Child abuse comes in many different forms
Child abuse comes in many different forms and can be physical or mental. Child sex abuse tends to be an adult encouraging a child to take part in sexual activities or encouraging them to behave in sexually inappropriate ways.
“Grooming” is a term that most people will have heard of. It is basically the act of befriending a child in order to lower their inhibitions and eventually sexually abuse or exploit the child in some way. It typically begins by the adult showering the child with presents and affection and then, when they have gained the child’s trust, moves on to try and turn the relationship into something more sexual.
As with most other forms of sexual abuse, only a small proportion of cases involve strangers. In most cases the child knows the perpetrator, as a relative, friend of the family, teacher or someone else in a position of authority. As they are known to the family this gives them the opportunity to have time alone with the child and it is in these situations where abuse does sometimes take place.
The effect on the child can be considerable and if you notice significant changes in your child’s behaviour, such as mood swings, self-harming, bed wetting, depression or anxiety then it just may be a sign that they are being abused.
Figures show that child sex abuse is an ongoing problem in the UK with charity Childline carrying out almost 16,000 counselling sessions with children and young people between 2011 and 2012. The majority of these children were between 12 and 15 years old and, as the figures indicated, both boys and girls can be the victims while the abusers can also be male or female.
As for what defines threatening behaviour, that largely depends upon the mind of the adult and what motives they have for watching the children; parental concern as for most, or something more sinister?
Everyone is different of course but there are common experiences suffered by those who have been sexually abused as a child. It is quite common to suffer panic attacks, phobias or flashbacks, while some experience long-standing depression and resort to self-harming. It is also quite common for victims to blame themselves.
It will be a help in the first instance, to understand that you have been badly affected and, if you are in denial, that you actually have been abused. Because so much of childhood sexual abuse is based on secrecy, speaking out and telling someone and acknowledging that the abuse has happened is often a first step towards getting the help required. Embarking on this what is termed the “stage of resolution” can take considerable time and is a lengthy process, but it is essential to get to this stage at some point.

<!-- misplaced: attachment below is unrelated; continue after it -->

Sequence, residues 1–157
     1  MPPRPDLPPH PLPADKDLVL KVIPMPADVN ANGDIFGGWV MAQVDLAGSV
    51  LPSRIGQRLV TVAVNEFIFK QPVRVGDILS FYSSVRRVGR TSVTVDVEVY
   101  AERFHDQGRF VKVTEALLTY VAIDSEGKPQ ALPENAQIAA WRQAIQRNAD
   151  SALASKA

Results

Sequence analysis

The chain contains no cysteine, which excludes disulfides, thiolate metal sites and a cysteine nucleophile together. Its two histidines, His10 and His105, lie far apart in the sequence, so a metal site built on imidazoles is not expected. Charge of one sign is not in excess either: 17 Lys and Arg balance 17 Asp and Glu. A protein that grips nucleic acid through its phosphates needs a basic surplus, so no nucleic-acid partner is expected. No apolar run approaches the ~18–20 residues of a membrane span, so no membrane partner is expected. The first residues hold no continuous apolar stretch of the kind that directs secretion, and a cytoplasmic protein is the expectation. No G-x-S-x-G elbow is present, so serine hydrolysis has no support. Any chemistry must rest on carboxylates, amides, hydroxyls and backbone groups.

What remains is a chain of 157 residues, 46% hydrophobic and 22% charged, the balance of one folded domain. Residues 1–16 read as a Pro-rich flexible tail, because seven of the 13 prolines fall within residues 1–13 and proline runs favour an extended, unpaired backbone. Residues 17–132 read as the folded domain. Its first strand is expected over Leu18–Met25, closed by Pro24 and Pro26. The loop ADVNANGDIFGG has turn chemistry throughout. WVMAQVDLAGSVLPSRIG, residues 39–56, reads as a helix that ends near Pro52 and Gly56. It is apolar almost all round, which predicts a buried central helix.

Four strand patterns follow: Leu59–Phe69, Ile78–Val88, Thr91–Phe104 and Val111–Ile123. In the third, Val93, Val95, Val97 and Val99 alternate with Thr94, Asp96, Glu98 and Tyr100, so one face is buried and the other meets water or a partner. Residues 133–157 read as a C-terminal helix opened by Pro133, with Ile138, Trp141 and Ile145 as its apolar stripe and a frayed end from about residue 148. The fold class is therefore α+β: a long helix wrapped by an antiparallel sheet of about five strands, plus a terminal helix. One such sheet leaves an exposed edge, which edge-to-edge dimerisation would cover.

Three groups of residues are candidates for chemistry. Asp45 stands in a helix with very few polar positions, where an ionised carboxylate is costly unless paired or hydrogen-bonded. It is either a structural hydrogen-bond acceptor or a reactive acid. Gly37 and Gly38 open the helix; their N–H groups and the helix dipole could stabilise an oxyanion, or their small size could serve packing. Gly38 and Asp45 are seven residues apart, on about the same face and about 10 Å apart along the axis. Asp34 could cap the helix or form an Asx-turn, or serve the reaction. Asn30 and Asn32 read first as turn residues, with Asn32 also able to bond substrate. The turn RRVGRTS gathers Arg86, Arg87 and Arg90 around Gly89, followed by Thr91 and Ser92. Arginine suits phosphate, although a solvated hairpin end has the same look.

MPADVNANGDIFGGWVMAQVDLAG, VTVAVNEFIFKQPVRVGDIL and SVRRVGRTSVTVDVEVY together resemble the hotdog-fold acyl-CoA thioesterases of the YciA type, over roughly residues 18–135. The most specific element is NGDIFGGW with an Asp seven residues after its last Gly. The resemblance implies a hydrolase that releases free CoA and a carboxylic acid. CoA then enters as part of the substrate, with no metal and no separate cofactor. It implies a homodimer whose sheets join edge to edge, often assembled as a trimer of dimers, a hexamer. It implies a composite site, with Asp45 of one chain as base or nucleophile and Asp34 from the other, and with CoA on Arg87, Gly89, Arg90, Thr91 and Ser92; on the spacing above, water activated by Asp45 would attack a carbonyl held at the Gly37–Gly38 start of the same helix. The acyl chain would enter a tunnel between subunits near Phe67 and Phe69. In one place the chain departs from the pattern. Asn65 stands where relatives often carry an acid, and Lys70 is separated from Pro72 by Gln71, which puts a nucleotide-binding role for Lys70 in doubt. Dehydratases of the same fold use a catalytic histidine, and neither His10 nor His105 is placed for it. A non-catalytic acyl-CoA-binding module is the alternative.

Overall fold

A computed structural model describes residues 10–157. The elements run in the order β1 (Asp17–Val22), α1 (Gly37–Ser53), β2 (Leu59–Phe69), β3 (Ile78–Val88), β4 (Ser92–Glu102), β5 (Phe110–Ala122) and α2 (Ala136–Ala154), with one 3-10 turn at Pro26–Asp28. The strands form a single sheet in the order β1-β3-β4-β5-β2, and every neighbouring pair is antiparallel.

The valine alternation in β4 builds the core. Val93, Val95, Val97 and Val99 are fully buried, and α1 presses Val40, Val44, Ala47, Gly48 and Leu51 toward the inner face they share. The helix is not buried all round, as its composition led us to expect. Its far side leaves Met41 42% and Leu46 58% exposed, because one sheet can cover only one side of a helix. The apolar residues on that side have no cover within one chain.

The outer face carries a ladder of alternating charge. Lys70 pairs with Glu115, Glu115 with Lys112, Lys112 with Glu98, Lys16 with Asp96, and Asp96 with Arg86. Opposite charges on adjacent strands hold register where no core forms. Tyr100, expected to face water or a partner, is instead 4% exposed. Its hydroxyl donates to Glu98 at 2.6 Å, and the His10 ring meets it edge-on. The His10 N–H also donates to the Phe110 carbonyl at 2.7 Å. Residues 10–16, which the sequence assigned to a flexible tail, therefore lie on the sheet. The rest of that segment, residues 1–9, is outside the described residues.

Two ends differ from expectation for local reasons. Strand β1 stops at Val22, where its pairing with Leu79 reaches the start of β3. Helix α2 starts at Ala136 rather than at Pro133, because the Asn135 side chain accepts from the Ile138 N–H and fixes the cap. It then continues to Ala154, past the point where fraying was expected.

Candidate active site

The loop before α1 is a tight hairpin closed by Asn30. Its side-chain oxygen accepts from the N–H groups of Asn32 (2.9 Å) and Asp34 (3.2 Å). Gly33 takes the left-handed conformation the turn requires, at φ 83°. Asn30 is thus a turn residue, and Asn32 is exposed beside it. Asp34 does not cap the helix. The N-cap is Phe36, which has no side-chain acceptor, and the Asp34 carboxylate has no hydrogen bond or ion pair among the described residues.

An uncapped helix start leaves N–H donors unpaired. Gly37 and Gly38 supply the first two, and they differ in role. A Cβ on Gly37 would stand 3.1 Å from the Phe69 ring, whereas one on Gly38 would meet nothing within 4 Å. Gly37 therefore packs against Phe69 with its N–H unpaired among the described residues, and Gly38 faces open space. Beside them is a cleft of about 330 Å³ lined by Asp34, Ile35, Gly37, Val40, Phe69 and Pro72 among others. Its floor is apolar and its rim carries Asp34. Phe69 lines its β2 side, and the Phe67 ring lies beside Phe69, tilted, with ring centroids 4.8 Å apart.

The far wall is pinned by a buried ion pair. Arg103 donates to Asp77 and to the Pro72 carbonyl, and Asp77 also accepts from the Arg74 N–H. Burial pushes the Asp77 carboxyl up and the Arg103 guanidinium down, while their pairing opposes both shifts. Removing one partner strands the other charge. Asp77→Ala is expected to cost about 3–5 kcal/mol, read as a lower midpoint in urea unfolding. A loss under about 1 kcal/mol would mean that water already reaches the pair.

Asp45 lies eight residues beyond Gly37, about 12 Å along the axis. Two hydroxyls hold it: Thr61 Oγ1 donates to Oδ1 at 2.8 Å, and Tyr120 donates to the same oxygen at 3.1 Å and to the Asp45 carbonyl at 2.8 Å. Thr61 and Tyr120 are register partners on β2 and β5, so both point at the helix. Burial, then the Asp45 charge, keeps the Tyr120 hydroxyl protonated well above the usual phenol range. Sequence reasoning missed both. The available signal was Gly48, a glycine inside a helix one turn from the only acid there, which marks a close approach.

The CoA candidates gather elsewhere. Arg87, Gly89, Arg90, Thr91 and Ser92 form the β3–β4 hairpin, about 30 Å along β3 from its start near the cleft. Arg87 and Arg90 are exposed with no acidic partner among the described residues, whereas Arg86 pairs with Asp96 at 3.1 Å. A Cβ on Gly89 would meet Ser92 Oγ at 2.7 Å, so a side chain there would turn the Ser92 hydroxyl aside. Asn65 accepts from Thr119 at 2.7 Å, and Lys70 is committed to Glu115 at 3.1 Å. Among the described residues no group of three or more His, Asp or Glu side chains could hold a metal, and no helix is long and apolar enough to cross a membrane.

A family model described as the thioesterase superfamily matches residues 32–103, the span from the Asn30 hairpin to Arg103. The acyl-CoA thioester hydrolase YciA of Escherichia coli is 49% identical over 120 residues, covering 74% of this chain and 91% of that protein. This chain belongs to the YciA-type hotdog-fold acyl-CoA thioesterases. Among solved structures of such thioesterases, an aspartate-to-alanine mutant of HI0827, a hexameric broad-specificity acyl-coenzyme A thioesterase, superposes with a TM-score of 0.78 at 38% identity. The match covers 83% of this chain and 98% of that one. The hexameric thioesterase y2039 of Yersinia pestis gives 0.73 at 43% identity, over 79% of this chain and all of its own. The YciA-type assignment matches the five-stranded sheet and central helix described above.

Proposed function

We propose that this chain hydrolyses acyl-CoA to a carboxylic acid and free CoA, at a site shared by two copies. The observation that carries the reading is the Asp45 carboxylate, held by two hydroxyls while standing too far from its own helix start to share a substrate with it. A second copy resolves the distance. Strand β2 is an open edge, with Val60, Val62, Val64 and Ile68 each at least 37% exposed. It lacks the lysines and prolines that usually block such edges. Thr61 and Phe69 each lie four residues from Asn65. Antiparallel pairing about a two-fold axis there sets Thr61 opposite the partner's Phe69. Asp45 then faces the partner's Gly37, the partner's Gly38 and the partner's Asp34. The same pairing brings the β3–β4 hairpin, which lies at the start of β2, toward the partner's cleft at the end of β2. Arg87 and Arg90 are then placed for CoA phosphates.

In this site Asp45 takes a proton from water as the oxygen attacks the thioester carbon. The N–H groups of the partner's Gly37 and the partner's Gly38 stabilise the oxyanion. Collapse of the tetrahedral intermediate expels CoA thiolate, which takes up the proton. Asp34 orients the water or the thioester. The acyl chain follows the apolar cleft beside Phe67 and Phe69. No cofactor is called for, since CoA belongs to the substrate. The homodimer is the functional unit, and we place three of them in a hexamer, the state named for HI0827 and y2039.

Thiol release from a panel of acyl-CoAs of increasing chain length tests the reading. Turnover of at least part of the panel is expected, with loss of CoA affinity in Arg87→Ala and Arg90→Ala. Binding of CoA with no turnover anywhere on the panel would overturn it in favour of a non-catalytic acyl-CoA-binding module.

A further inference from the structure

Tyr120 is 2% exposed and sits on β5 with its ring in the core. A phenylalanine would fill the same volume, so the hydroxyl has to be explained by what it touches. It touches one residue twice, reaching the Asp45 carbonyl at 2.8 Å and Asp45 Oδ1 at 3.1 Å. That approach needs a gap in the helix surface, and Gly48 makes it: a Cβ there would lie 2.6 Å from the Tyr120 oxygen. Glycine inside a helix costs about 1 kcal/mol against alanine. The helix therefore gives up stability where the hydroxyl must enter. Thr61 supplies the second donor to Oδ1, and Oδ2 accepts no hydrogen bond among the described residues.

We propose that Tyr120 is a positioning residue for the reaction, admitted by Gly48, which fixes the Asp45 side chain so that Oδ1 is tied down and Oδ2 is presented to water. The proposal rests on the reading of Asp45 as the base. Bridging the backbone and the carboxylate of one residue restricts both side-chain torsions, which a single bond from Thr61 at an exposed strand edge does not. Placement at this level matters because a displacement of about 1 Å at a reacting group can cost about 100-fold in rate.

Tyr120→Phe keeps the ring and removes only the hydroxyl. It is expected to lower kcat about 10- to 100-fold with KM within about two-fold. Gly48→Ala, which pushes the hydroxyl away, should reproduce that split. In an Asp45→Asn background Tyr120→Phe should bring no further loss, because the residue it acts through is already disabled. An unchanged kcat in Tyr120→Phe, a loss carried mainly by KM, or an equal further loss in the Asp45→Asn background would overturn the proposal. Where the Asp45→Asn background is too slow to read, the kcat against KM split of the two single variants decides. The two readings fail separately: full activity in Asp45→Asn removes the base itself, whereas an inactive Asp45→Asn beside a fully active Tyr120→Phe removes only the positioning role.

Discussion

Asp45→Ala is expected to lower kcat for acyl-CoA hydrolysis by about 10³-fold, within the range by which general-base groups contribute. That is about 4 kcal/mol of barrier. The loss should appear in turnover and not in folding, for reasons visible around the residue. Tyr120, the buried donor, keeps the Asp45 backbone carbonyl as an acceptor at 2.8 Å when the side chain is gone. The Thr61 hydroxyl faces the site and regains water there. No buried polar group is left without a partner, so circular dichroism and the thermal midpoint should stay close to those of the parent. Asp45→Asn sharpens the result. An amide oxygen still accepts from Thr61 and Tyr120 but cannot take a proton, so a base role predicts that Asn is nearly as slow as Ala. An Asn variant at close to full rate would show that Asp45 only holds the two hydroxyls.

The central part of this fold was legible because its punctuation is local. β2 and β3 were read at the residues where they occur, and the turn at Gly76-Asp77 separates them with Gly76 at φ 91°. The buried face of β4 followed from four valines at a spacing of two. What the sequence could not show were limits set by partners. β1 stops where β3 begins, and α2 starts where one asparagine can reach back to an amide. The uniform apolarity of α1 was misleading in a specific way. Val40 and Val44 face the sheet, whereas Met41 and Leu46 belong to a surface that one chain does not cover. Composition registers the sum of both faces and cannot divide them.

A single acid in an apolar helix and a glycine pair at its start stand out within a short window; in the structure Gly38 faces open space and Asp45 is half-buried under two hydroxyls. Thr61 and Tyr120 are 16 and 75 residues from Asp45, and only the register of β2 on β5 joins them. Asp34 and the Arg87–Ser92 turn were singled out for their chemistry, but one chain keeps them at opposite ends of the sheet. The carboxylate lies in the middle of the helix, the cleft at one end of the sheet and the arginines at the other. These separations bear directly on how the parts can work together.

It is not only men who are guilty of abuses of this type, though they are in the overwhelming number of cases. However, women, teenagers and other children can be guilty and it is certainly not a crime that can be linked solely to a particular class or background. Nine out of 10 victims know their abuser.
It can be difficult for those caring a child who has been subjected to sexual abuse and who refuses to talk about it. The parents or carers may know that something is up and there are changes to the child’s behaviour but are unable to pinpoint exactly what the problem is. Again, every child can vary but some behaviour changes such as problems sleeping, wetting the bed and problems at school may point to a wider issue.
Parents of those who fear their children may have been sexually abused should seek professional advice. You should discuss any concerns you may have with the NSPCC or contact the police or children’s services. Of course if you fear your child may be in imminent danger then you should always contact the emergency services immediately. See our case examples which will help you understand the time limits that apply for certain claims
Parents can take preventative measures to try and stop their child being affected by such problems in the future. So, talk to your children to try and help them understand their bodies and what is and is not acceptable behaviour from adults. Try and build trust with them and tell them how to respect themselves and others. Also teach them to use the internet safely and provide appropriate supervision.